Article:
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Protect the libraries Erie County Legislature should act to make fund-diversion ban permanent

On Thursday, the Erie County Legislature has a chance to set into permanent place legal protection for the county's library system. The decision should be unanimous.

The Legislature will vote on the Library Protection Act, first adopted in 1992 and renewed for two-year periods with the exception of 1999. Over the years, legislators have been able to gain credit for generously granting renewal, even at the price of future uncertainty. That uncertainty should now end.

Benefits of the legislation are clear: no surprise midyear reductions in library funding, and any county tax revenue going to the libraries appears as a separate item on residents' tax bills. Affording the system protection against unexpected midyear diversions of funding isn't even much of a policyissue for the Legislature -- that need stems from a court ruling, and the biannual renewal system is simply compliance with that mandate.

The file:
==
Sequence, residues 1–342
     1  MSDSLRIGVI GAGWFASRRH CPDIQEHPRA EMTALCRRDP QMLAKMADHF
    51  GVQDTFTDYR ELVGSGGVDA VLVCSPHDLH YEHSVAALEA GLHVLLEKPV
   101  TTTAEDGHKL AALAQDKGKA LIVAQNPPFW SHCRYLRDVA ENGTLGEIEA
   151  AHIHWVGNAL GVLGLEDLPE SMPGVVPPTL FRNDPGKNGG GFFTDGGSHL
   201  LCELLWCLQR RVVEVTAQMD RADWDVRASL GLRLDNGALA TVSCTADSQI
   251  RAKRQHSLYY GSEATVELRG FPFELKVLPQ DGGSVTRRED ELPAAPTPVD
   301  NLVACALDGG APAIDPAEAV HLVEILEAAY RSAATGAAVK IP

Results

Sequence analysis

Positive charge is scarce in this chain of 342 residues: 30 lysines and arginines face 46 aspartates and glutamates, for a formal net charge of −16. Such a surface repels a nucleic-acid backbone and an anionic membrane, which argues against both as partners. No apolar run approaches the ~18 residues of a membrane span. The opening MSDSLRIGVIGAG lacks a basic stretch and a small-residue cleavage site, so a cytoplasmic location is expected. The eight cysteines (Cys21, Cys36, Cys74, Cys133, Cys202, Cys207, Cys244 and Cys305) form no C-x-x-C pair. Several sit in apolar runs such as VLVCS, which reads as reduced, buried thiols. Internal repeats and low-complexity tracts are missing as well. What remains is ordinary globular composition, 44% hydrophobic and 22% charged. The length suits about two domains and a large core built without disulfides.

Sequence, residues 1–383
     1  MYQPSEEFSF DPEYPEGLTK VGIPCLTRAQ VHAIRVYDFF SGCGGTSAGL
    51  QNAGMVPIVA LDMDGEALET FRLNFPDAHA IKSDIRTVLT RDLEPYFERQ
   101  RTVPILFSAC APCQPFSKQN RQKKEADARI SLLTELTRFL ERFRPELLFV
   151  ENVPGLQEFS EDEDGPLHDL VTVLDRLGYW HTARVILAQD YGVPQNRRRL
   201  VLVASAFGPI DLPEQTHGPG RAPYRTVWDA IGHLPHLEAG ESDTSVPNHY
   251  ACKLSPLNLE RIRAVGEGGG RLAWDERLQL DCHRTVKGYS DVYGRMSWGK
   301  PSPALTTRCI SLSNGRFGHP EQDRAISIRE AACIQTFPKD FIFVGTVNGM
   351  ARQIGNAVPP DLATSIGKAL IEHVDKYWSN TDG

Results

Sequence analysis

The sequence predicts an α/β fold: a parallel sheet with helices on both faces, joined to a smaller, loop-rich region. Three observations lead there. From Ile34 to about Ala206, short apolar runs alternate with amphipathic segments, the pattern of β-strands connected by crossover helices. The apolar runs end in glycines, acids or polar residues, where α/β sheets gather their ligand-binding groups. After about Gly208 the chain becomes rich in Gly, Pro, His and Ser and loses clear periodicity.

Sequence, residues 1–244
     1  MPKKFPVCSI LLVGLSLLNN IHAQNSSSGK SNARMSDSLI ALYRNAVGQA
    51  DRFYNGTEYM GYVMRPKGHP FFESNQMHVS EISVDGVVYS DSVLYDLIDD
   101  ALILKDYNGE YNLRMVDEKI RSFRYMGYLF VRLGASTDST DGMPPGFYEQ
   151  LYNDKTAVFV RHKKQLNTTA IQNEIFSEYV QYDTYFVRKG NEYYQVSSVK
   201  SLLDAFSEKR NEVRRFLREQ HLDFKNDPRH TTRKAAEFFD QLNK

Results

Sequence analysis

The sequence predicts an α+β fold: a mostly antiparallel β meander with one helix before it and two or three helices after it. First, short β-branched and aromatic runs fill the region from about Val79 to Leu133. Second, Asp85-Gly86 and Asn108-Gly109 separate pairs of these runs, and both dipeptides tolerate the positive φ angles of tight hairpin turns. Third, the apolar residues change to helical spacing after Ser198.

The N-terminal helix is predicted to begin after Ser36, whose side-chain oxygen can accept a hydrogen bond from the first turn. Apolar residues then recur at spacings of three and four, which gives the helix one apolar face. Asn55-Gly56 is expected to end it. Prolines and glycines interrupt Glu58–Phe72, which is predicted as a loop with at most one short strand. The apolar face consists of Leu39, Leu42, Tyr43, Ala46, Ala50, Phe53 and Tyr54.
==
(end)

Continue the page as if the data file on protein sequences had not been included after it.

Making the Library Protection Act permanent would solidify the response to bad practices in the 1980s, when library officials would sometimes see their budget dwindle against other county priorities. The Library Protection Act offers assurance, an important point for a system with an adopted 2007 budget of $22.2 million, a half million dollars more than this year's budget.

Library officials have done an excellent job in responding to recent fiscal blows. Library buildings have become community hubs, giving young people a place to go. The new Frank E. Merriweather Jr. Library on Jefferson Avenue is drawing crowds and has the second-highest computer use of the entire 37-branch system, behind the Central Library. And there are similar stories across the county.

The 14-year policy of requiring renewals of the Library Protection Act should end this week. Replace the renewal requirement with permanent legal protection.

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